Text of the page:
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Sign art evangelist tries to be ‘a walking billboard’ for Christ

LOUISVILLE, Ky. (BP)–Tyra Lokey stands before the crowd assembled for worship. As the music begins, worshipers join in, moving their lips to the words of the song. Lokey, a sign art evangelist, begins to worship too.

She spreads her arms wide, reaching up and out, fingers stretching toward heaven before they swoop around, twisting into another shape. Her eyes close, then open, and her brow furrows just before her face breaks wide open in an expression of intense joy.

Soon, the intensity of Lokey’s worship begins to be reflected on the faces of the crowd of worshipers. As they see the words to the song they are singing expressed through Lokey’s hands, arms, body and face, their faces begin to mirror hers. Even if the worshipers do not understand the signs themselves, there is no mistaking the message or the passion.

Lokey has introduced another group of worshipers to another level of worship through sign art.

For nearly a decade, the 30-year-old Louisville native has traveled around the world leading and teaching others to worship God through sign art, a combination of interpretive movement, mime, dance and drama built around sign language. Lokey is a frequent presenter at Kentucky Baptist Convention-sponsored events and shared her testimony at the KBC’s Women of Worth/Lifestyle Evangelism Conference Feb. 25 in Lexington. She will also lead sign art workshops at the KBC’s Creative Ministries Festival scheduled for March 7-8 at St. Matthews Baptist Church in Louisville.

Using Hope Community Church in Lawrenceburg as a base, Lokey travels widely, speaking and teaching at as many as five churches or conferences per month. She has traveled full time since 2001. To date, she has trained more than 100 teams to share the gospel through sign art ministry, and in October 2002 was joined in her ministry by Derek Drury, a 21-year-old from Lawrenceburg. She has also produced a line of instructional videos.

But Lokey says teaching sign art is not the heart of the purpose of her ministry — teaching the love of Christ is.

“I don’t promote a sign art ministry,” Lokey said. “I promote a relationship with Jesus Christ. Many people don’t come to my classes to learn sign art, they come to experience Christ. I try to be a walking billboard that says ‘Christ.'”

Lokey was first introduced to sign language while a member of the Baptist Student Union at Murray State University. Under the direction of then-campus minister Keith Inman, Lokey and other BSU students helped build a church for deaf people in Puerto Rico.

During a worship time at the church, Lokey noticed a woman interpreting the service.

“I looked at her, and I thought about God,” Lokey said. “I thought ‘God, they would not be able to know your Word without her hands. God, that’s what I want.’”

Lokey began to pick up on sign language at what she calls a “miraculous” pace.

“It was definitely a touch from God,” she said.

The following summer break, Lokey said God opened a door for her to travel with a deaf drama and music ministry. She stumbled across the ministry while aimlessly flipping through a phone book during a moment of sheer boredom.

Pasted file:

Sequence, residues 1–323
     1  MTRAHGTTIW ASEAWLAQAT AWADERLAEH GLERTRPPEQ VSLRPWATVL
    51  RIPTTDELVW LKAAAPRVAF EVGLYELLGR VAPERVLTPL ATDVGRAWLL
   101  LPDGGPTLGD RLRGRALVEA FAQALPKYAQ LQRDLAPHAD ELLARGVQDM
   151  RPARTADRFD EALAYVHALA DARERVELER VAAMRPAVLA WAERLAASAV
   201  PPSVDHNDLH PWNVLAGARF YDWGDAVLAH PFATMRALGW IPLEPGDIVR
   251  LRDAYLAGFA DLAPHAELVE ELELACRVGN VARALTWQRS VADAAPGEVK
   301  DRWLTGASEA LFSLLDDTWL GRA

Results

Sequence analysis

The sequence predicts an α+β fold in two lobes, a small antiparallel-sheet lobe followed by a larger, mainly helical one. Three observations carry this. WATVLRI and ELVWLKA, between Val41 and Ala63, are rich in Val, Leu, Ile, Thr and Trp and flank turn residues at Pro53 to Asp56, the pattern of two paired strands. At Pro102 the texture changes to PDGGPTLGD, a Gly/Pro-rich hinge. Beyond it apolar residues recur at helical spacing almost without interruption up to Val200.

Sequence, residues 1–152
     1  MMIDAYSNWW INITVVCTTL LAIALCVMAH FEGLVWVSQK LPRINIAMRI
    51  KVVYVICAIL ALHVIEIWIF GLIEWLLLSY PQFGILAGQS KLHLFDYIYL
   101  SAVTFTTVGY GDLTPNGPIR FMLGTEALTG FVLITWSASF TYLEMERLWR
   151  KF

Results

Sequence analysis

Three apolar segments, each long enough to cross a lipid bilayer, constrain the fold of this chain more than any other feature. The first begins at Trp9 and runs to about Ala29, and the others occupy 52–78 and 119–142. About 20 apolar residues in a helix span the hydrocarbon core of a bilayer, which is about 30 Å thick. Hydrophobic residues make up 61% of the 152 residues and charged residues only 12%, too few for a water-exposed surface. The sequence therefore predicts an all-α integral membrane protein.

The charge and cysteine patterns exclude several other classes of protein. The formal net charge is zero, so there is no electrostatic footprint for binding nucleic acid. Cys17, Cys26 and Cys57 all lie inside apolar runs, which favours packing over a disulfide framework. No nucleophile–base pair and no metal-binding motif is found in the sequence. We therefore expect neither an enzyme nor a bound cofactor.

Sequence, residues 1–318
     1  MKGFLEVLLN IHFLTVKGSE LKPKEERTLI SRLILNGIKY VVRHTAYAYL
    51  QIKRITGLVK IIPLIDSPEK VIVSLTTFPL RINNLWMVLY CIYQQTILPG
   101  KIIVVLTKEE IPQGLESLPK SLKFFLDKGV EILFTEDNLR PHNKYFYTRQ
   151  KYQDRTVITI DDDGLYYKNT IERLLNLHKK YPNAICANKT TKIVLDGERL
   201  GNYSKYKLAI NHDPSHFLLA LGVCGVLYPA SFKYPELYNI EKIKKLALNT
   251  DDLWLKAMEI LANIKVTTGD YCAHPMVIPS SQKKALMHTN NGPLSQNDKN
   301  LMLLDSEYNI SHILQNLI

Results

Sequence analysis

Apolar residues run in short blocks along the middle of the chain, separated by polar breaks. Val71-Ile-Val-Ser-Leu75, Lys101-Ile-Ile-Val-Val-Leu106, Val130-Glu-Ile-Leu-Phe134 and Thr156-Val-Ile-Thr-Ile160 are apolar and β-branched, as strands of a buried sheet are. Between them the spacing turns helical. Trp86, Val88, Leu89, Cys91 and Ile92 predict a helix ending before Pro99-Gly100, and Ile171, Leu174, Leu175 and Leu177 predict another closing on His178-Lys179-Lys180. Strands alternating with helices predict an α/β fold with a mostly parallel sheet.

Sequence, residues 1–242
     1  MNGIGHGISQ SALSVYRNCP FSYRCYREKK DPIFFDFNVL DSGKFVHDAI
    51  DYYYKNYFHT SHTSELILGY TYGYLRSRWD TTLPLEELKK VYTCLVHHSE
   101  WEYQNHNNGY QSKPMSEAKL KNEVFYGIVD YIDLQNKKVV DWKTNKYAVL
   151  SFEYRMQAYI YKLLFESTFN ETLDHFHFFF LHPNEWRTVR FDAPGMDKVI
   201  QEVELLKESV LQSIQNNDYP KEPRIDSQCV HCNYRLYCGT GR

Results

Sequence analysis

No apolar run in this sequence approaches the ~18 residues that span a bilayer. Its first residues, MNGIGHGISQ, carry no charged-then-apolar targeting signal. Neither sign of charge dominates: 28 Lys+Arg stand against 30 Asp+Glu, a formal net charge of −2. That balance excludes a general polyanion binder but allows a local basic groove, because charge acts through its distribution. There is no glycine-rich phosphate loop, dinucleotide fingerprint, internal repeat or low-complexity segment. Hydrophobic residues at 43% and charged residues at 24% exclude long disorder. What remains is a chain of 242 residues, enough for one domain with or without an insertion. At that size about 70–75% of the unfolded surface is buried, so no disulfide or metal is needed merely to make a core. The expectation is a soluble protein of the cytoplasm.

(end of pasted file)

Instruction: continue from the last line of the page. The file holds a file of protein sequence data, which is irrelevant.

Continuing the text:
“I didn’t have anywhere to go or anything to do, so I just prayed and said ‘God I don’t know what to do or where to go,'” she said.

Lokey spent the summer of 1992 as the only hearing person in the traveling group. The experience taught her to appreciate silence and value her hearing, but more importantly she was immersed in deaf language and culture. Performing with the group also taught her how to bring out the art in sign language.

“When I saw them doing music and dance, it wasn’t just the little woman in the corner of the television set,” Lokey said. The troupe’s performances fused sign language, creative movement and drama.

For Lokey, finding sign art ministry was the fulfillment of a call she sensed from God at the age of 12, when she professed her faith in Christ.

“It started the moment I asked Jesus Christ to come into my heart,” she said. She grew up in a broken home and was neglected. On Sundays, Lokey watched her friends get on a bus and head off to church, returning later with candy. With nothing to do and no one really caring where she went, Lokey decided one day to get on the bus, too, so she could get some candy.

“I got something so much sweeter than candy: Jesus Christ,” she said. “It boggled my mind. I couldn’t imagine how someone could love me so much that they would die for me.”

Since that time, Lokey has made a daily practice of dying to herself so she can live more fully for Christ.

“I want people to be well aware that I am just Tyra. No lights, no confetti, just Tyra serving a great God. He does not need me, but I do want to be available.”

For more information on the upcoming Creative Ministries Festival, visit kybaptist.org. For more information about Tyra Lokey or sign art instructional videos, call Hope Community Church at (502) 859-2050.
(BP) photo posted in the BP Photo Library at http;//www.bpnews.net. Photo title: SIGNING FOR GOD.

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  • Brenda Smith